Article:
Mehar Singh/DELHI Andrzej Jeziorski/SINGAPORE

The Indian Government has cleared the proposed sale of 60%of Air India, four months after its basic approval for a similar 51% sell-off of Indian Airlines.

According to Air India, the Cabinet's Disinvestment Committee has approved a proposal that 40%of the airline should go to strategic partners, 10%to foreign and domestic institutions and the public, and 10% to employees. The foreign strategic partners holding cannot exceed 26%.

Disinvestment minister Arun Jaitley says that, once a shortlist of potential strategic partners has been prepared, a shareholders' agreement will be drafted before bids are called in. The agreement will also specify the degree of management control to be granted to the strategic partner.

No schedule has been announced for the privatisation, but the Government is expected to appoint an adviser within 90 days to help it push through the scheme. The same process is underway at Indian Airlines, where a 26% stake is earmarked for strategic partners, with the public, domestic financial institutions and employees being offered the remaining 25%. Foreign airlines are being excluded from the Indian Airlines sell-off.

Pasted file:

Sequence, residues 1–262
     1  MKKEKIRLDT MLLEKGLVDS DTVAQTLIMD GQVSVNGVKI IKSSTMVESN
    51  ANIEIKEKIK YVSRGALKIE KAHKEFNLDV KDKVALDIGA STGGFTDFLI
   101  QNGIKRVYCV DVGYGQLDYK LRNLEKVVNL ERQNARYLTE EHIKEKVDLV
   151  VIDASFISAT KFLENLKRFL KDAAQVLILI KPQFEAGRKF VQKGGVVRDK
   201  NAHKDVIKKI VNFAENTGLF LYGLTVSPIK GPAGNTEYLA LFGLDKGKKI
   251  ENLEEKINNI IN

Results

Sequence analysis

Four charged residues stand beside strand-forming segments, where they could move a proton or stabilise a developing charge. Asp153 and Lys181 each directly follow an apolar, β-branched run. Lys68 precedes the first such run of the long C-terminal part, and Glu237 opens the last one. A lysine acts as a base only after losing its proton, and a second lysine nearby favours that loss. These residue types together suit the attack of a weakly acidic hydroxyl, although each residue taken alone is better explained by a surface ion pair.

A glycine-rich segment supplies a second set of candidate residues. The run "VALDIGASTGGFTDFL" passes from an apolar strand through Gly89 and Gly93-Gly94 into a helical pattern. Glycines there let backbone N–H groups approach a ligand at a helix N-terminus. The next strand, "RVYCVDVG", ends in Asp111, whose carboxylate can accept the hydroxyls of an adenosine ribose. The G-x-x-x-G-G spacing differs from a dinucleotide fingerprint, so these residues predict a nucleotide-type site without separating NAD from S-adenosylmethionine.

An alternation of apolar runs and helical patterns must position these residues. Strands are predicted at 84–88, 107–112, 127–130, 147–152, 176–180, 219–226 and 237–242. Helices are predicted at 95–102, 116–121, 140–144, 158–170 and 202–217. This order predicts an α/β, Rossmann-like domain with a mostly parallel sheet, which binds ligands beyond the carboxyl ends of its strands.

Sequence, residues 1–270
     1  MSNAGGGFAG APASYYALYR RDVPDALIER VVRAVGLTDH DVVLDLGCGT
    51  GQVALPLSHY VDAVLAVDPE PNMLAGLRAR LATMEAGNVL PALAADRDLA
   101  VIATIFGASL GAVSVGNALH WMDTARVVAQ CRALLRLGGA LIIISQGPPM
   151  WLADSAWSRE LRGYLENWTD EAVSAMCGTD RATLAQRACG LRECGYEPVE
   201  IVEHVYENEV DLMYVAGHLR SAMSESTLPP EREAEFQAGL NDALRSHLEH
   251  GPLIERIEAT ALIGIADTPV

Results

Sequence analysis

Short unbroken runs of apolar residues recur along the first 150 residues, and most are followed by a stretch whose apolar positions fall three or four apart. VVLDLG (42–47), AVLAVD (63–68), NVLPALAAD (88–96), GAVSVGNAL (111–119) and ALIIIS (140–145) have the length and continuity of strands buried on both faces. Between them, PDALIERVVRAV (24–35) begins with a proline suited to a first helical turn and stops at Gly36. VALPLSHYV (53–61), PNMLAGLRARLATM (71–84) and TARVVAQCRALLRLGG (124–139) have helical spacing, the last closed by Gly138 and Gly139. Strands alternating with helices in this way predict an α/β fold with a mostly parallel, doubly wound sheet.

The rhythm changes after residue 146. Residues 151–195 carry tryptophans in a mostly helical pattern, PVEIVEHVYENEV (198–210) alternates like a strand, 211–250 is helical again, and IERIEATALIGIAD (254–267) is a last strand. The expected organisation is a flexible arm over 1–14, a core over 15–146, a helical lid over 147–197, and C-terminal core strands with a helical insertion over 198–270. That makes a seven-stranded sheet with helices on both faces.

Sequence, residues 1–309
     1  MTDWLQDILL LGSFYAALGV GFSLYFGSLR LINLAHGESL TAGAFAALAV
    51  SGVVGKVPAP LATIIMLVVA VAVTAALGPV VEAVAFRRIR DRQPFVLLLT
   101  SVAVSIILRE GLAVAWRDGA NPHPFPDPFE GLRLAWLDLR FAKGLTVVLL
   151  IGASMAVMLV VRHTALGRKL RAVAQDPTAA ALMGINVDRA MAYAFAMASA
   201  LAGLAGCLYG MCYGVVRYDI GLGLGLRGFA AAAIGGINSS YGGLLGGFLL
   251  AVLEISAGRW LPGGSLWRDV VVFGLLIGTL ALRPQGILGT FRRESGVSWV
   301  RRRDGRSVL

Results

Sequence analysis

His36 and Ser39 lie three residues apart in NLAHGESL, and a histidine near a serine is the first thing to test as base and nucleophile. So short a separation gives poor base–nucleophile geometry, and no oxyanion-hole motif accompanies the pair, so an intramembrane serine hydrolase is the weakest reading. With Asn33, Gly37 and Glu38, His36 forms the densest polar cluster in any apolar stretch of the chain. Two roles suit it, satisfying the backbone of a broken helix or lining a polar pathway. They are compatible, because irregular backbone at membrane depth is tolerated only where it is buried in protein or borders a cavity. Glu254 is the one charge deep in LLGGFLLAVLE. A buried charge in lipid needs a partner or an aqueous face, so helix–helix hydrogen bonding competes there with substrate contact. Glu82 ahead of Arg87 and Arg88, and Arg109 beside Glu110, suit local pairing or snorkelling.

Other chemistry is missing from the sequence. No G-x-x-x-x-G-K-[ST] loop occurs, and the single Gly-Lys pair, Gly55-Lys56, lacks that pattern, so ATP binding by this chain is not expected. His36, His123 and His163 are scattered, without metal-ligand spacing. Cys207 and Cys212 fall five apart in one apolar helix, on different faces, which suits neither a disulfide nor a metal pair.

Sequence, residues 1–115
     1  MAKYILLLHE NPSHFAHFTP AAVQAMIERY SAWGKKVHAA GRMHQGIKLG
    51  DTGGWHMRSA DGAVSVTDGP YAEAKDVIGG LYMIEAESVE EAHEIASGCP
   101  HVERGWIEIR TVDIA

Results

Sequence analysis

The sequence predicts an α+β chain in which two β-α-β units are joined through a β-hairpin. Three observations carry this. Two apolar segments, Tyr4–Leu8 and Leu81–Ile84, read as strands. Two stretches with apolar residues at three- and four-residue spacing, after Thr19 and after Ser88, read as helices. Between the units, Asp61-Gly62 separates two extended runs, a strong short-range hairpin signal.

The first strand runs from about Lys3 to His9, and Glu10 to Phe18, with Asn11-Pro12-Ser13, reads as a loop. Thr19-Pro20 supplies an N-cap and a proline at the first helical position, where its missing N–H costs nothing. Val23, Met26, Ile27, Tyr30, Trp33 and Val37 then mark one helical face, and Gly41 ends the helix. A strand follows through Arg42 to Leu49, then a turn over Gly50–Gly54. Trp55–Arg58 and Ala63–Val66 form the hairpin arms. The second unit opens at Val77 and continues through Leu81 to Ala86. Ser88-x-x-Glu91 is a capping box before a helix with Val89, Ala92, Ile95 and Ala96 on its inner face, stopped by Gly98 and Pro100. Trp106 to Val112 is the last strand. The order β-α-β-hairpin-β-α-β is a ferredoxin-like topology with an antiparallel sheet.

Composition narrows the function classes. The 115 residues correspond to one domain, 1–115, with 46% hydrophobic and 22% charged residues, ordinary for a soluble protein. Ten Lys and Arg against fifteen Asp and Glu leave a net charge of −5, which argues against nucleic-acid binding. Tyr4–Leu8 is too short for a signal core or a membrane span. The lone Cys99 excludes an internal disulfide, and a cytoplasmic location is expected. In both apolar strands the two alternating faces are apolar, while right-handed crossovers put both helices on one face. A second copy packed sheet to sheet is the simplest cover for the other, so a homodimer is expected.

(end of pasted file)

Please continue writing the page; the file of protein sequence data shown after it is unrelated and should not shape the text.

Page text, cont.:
According to provisional figures, Air India predicts a net loss of about Rs800 million ($18 million) in the financial year up to the end of March 2000, compared with a Rs1.74 billion ($40 million) loss the previous year. Its financial fortunes appear to be on the mend with the airline for the first time in five years declaring an operating profit of Rs.18.6 million in April.

The poor performance of Air India is in sharp contrast to its domestic partner Indian Airlines, which has reported the highest profits in its 46-year history. Outgoing chairman and managing director Anil Baijal reported a net profit of over Rs 600 million ($13.5 million) for the year to the end of March 2000, but warned of lower profit figures this year at around Rs260 million.

Source: Flight International